However as for the case for justice did you read my earlier dileniation between a physical action and a mental construct? A mental construct can be said to exist of anyone believes in it precisely because it exists in the mental realm. Therefore Justice (which is a mental construct) most certainly and absolutely exists. It is a very common belief.

Now we can certainly argue whether the belief has any value in the physical world, whether it is logical, or whether it has a universality but there is no doubt that the concept of justice (in myriad forms) has been with humanity a long time.

JC said...

I would like to apologize for and withdraw my sarcastic comment. It was out of order.

Tlaloc said...

"I would like to apologize for and withdraw my sarcastic comment. It was out of order."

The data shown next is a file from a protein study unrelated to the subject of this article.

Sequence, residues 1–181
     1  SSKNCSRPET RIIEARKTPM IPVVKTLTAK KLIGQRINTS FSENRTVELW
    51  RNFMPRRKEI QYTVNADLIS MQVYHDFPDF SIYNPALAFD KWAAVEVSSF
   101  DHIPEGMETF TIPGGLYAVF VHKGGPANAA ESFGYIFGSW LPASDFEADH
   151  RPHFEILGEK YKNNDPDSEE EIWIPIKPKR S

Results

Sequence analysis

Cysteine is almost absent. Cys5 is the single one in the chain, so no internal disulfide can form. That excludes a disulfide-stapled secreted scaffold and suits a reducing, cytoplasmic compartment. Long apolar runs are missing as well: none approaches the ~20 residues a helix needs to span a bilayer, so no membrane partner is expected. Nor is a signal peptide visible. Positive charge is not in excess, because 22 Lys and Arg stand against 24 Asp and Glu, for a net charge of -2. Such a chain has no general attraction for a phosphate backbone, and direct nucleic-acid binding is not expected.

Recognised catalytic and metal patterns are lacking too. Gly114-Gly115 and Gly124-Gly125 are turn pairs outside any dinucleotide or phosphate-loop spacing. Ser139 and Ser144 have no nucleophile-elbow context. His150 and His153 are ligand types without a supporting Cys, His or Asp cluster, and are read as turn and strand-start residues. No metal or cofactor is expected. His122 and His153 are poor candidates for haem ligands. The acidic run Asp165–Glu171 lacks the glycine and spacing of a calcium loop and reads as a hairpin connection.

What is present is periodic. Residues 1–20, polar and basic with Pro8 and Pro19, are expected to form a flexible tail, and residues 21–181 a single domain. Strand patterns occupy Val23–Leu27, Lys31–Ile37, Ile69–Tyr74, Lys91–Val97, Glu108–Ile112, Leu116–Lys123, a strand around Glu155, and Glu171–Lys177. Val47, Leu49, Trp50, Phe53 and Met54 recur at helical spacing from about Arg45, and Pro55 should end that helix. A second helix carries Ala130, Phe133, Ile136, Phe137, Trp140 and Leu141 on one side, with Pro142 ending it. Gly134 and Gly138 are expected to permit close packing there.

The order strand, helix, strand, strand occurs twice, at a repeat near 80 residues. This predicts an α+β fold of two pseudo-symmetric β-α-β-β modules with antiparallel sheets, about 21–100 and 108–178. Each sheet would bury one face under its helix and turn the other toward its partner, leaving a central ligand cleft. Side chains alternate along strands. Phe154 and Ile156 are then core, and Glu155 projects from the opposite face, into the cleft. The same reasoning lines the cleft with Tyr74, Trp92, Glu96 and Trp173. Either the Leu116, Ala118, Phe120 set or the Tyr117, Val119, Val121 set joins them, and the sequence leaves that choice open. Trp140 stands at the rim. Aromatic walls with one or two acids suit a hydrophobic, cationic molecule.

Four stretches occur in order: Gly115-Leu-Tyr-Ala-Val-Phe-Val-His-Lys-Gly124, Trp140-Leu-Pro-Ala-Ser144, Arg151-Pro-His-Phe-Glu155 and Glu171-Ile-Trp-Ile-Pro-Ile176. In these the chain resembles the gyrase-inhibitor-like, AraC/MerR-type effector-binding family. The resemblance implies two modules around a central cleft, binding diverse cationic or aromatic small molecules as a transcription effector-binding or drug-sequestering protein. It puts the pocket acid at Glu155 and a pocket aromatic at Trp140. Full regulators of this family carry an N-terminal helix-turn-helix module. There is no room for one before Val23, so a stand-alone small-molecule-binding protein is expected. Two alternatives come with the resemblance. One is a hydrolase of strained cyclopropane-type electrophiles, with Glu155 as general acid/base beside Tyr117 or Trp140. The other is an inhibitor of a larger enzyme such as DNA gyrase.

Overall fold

If you like, but really it's not a problem. I play rough and I don't mind the same in return.

JC said...

I don't mind if you "play rough," but I strive for civility when discussing such touchy subjects. I'm not always successful.

James Elliott said...
This comment has been removed by a blog administrator.
Hunter Baker said...

Sorry, James. I hold a few things sacred. I generally value your comments, but that one is extraordinarily offensive to a Christian and I suspect you would never commit an offense of the same order against a Hindu, Buddhist, Muslim, etc. Well, actually the Muslim would be knocking on your door about now.

James Elliott said...

Well, I understand your deleting it, and I'm not going to raise a stink - your blog, your call - but I will correct one thing. I'll make Mohammed and Vishnu jokes all day long, so long as I avoid the long knives. Like George Carlin, I think religious idols are symbols, and I leave such things to the symbol-minded.